excerpt The pub was no better than other houses in the village, it just had a tiled roof and, in two little wire-netted windows overlooking the street, bottles of coloured drinks, jars of motley bonbons, and various other merchandise sought after by peasants. The front room was larger, floored, and furnished only with a few long tables and twice as many fir tree benches which the maid rubbed with sand and washed clean every Friday in preparation for Sunday, when the villagers came to drown their troubles in liquor. In a corner, near the counter which was sheltered in a cage made of laths, Avrum and his son Aizic were moving worried among the rows of bottles and around a huge barrel of plum brandy. From time to time, Aizic went down with a lit candle in his hand into the cellar underneath the cage, where other barrels and demijohns of the brandy were resting, and even some of wine and beer for the better-bred who, if they felt like enjoying themselves, would withdraw to the back, to the publican's room so as to be away from the eyes of the plebs. As soon as the Sunday dance was over, the men started, some on their own, some in groups, towards Avrum's. When George and his friends got there, the porch was packed with people discussing the incident at the dance, some taking Baciu's side, some Ion's. The lads went straight into the pub. The tables and benches had been kept for them, so that they could enjoy themselves at leisure. They sat in silence. They felt defeated. Avrum came out of the cage quick with two bottles of plum brandy which he put on the table in front of George, asking:"Who's paying?""We'll pay you, mate, don't worry!" answered Ilie Onu stretching his hand out for a bottle. "Fat chance of getting my money out of you!" the publican said, looking at them one by one, as if wanting to read on their faces what they had in their pockets. "You're not worth a sip of plain water… Well, who's paying? I want to know. Or I'll take the brandy and pour it back into the barrel…" George rummaged a dirty purse out of his waistcoat pocket and counted the coins without opening his mouth. Avrum picked them up carefully and headed back to the cage, jingling the metal in his hands. Ilie couldn't help shouting after him proudly, as if he was the one spending it:"Saw that, mate?... Don't fuss like that again!" One lad, suddenly inflamed by the smell of the brandy, banged the table with his fist and started to bellow so loudly that the windows shook. The others livened up as if happiness had been poured into their souls. In a few moments the whole pub warmed up from their playful cries. When they were at it most intensely, they could hear other cries of joy, stormier and wilder, coming from the street. For a while, the two groups seemed to be competing on which would choke first. But the ones outside, the nearer they got, the louder they were. And when they charged into the pub, they silenced George's people completely. Actually, the newcomers, who arrived together with the fiddlers, calmed down very soon, too tired after the effort, and the cries turned into a deafening noise of hoarse calls, angry orders, impatient shouts, of which only some could be understood more clearly:"Another glass, mate, but make sure it's sweet!"…"Hurry up, Avrum!"…"Where have you hidden, you rascal, cursed be your stock!" The lads were so many they could no longer sit on the benches. The gipsies managed to squeeze in at Ion's table, apart from Găvan who had to stand in a corner, near the double bass. A lot of bottles and glasses appeared on the tables. The smell of plum brandy was mixing with the heavy tobacco smoke and with the pungent blast of sweat. Everybody was talking at once, toasting, shouting, caterwauling. All the mouths were swearing, invoking God, the sun, and the moon, at the fiddlers or at Avrum, or even at God himself. It had become dark in the meanwhile and the room was lit only by a grimy lamp, hanging down from a beam in the ceiling. In the sickly-yellow, flickering light the people looked even more drunk than they actually were, their eyes were gleaming even more wildly, and the naked, bony arms, with their tense muscles like hungry snakes, kept going up above the befuddled heads, threatening or prophesising a danger. The voices were getting thicker and huskier, the words coarser and the curses angrier. The sweaty faces were shining, some bright red, some yellowish-green, and giddy laughter, the odd noisy burp, and long howls were rising from the dizzying tumult. Simion Lungu, roaring drunk and leaning on a corner of the table, was cursing his wife who was standing next to him with a baby at her breast. The woman kept pulling at his sleeve and telling him in an even voice, without minding his insults:"Come on, Simion, come home, really, you have to be up at the crack of dawn tomorrow to go out and get some wood, there's none left, I can't even kindle the fire… Come on, really, come on!..." Simion went on moaning to his drinking companions, who were not listening, he went on cursing and drinking until the woman finally wedged herself next to him, shutting the baby up with her nipple, laughing, and glancing in vain at a lad dispirited by the liquor. All the lads were, in turn, raising their glasses to the fiddlers, who were playing more and more passionately melancholy drinking songs, slow and flabby like some easy women. Briceag was really tipsy, but his bow seemed to glide even more beautifully on the strings, while the accompaniment of Holbea, who was even more drunk, was so out of tune that he himself was ashamed of it. Only Găvan had stayed sober, first to be able to guard his double bass, then because he was a matchless drinker, he could swig a whole pail of spirits without as much as a blink. Ion was so upset that he couldn't even enjoy his brandy. Vasile Baciu's insult had sat on his heart like a millstone. He was trying not to think of what had happened to him but his mind was poisoned by shame. A strong desire was ensnaring him: to kick, to break something, to get it off his chest so as to cool down. Every now and then he glanced towards the other table where George, refreshed, was drinking glass after glass and humming, in his gruff, unpleasant voice, a fancy song, his eyes flashing, pride all over his face, provoking. While looking at him stealthily like that, Ion suddenly felt as if a veil was lifting from his eyes. He remembered that Ilie Onu had seen him in the garden cuddling Ana. And now Ilie was sitting next to George. Ilie must have told him, and George egged Baciu on. Just because he couldn't get even with Baciu, Ion got it into his head that he had to get even with George. As soon as he took it, this decision started tormenting him. He was fretting and suffering because he didn't know how to go about it. Just then, Titu Herdelea entered the pub. His appearance stopped the racket for a moment."Good evening!" Titu said, a bit embarrassed by all the eyes that turned to him."Good evening!" they all answered, almost in chorus, and then the noise took over even more powerfully than before. Titu had come pushed mainly by curiosity. He had a feeling that the fight at the dance would not remain without consequence and couldn't resist stopping by Avrum's to see what was going on. Over dinner, the Herdeleas had discussed the incident in detail and had all agreed to take Ion's side, both because he was their neighbour and because Glanetaşu's son was brighter than all the young men in Pripas. Titu had been the one to end the conversation, declaring solemnly:"He'd better beat him soundly!" But he didn't say who should be beaten, and nobody asked because it was already late and they were all sleepy, the teacher had even fallen asleep during the conversation. After the whole family had gone to sleep, Titu sat down to work at some enrolment registers for his father. He worked for a while, but then couldn't help his impatience anymore. And as he was about to run out of tobacco, he put his hat on and went straight to the pub. He shook hands with Avrum, as he always did when he was buying something on credit, he asked for a pack of tobacco, told the publican to put it on his tab, and then, as an excuse for his lingering, exchanged all sorts of trifles with the Jew, glancing towards the lads' tables. He was dying to find out what had been happening, but he hesitated to ask. What would people say if they knew he was interested in the boys' taunts? He finally started on his way out, comforting himself with the thought that no serious fight could have happened or they wouldn't all be together. Passing by Ion's table, he smiled in a friendly way. The lad stood up and said respectfully to Titu, holding out a glass of brandy:"Be so kind, young master, and have a drink with us!" Titu wavered a little, to keep appearances rather, because otherwise he thought it was a good opportunity to find out things. So he waited for the others to insist as well, and then took the glass and raised it as a sign that he wanted to say a few words. Suddenly Ion shouted for silence, and all the voices died in a second. But the young master was a bit at a loss now, as he was not good at the long and ceremonious toasts peasants liked."To your good health, Ion!... To all of you and … cheers!" he said after a pause, his voice slightly husky with nervousness. He drank and then gave the glass back, barely suppressing a wave of nausea. Ion answered with a masterly toast that was covered though by the racket that had resumed. Titu held out his hand:"Good night, Ionică, and thank you!""We thank you for the honour, young master," the lad said and saw Titu out. In front of the pub, on the porch and out in the street, clusters of people were drinking, talking or fighting. Curious girls and agitated kids were staring out of the windows overlooking the garden, their noses flat against the panes. Macedon Cercetaşu, blind drunk and lying by the ditch, was commanding an invisible platoon, so loud that the whole village resounded. "Did you see what Vasile did to me, young master?" said Ion softly, not to be heard by the others."Yes, I did, and honestly I have to tell you I was surprised you could just stay there and do nothing," Titu answered shaking his head."What could I have done, young master?" Ion whispered, gritting his teeth. "If I'd slapped him, I could have killed him and gone to prison for ever… And then, you see, it's not the fault of the person who does it, but of whoever puts him up to it!..." Titu drew close lest he should miss a whisper. And because Ion went silent, he poked him:"Really? So you think somebody put him up to it?""Yes, I'm sure, I could swear on the cross… Don't you know he wants to marry off Ana to George, Toma Buluc's son?""Oh, to George?""Exactly. He keeps saying that out loud, so that even dogs could hear it… And now judge for yourself who's to blame." Just to egg him on, Titu tried to calm him down:"All right, but maybe George didn't tell him to…" Furious, Ion interrupted him:"Oh dear, young master, how can you say something like that? I know it only too well that George hates my guts… Don't you know that he's been after Ana, and for such a long time too? Anuţa doesn't want him because she doesn't like him, and now he wants to take revenge on me…" Titu kept quiet for a while, thinking, and then he said slowly:"Bad, too bad, George is up to this kind of thing…""Don't think I'll go away tonight without thrashing him. Maybe only if God strikes me out of the blue… Otherwise they'll carry him away in a sheet…" The lad was choking on his anger. Titu got scared and said to Ion quietly and sincerely:"Cool down, Ion, or you'll get into trouble!""If it should cost me ten years in prison, I still won't stop until I've seen his blood!" whispered Ion, fuming like a dragon, clenching his fists and shaking…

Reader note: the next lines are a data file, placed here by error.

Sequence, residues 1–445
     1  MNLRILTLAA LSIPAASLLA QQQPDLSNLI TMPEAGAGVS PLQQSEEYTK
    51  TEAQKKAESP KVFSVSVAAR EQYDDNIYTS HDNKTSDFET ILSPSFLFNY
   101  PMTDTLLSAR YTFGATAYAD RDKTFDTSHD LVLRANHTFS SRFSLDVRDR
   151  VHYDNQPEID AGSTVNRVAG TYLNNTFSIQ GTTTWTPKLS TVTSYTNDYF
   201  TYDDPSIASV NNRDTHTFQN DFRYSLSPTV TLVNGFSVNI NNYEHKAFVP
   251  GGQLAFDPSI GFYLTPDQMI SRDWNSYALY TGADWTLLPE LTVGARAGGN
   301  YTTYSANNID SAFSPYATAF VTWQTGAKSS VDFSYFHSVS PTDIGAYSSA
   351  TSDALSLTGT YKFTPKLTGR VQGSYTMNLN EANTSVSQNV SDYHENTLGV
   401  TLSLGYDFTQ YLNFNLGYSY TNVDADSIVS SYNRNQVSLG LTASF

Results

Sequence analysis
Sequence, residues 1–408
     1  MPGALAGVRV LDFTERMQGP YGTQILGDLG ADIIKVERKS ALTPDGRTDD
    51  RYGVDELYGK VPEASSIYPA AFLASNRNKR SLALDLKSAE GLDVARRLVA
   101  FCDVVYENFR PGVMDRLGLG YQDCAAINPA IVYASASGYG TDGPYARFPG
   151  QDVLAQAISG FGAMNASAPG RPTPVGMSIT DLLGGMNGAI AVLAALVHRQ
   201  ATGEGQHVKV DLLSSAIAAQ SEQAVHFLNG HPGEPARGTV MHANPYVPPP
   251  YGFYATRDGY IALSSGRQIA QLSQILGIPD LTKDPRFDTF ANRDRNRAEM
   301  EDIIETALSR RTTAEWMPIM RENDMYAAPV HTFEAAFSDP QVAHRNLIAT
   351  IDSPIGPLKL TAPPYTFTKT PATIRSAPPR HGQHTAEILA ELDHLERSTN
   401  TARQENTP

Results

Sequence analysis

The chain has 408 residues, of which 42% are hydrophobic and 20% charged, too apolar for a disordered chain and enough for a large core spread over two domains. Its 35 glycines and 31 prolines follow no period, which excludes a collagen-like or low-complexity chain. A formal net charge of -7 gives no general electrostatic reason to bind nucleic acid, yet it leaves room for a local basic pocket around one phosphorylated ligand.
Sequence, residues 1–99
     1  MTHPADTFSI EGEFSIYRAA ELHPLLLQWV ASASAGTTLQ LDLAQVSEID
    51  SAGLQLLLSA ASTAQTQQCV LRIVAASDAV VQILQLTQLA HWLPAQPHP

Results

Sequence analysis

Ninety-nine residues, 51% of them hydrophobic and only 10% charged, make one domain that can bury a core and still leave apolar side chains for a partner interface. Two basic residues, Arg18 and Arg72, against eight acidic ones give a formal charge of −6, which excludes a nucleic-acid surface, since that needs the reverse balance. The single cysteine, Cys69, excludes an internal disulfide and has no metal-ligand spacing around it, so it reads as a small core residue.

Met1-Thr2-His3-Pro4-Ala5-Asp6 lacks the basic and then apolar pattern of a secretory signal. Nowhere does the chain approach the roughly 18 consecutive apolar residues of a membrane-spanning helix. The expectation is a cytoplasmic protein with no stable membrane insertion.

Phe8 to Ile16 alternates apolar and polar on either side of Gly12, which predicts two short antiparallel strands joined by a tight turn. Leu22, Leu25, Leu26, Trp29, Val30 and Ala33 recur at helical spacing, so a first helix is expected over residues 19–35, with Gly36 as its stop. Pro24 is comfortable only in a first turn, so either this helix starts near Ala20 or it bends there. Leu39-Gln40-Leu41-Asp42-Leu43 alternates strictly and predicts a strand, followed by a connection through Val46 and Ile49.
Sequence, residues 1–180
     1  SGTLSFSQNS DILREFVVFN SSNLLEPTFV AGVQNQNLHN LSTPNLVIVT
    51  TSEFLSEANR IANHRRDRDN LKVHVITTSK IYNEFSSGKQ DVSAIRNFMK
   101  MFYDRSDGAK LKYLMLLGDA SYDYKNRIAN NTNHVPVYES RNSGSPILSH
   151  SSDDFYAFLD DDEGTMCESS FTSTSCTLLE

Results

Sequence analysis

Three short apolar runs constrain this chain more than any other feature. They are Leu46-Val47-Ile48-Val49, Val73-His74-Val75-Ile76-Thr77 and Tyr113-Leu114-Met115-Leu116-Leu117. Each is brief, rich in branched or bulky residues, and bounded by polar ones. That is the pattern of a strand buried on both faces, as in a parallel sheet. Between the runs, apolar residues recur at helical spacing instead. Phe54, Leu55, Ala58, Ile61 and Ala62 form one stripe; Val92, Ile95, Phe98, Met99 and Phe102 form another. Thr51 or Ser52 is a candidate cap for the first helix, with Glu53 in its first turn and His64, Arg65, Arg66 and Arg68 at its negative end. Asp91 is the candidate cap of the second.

by Liviu Rebreanu (1885-1944)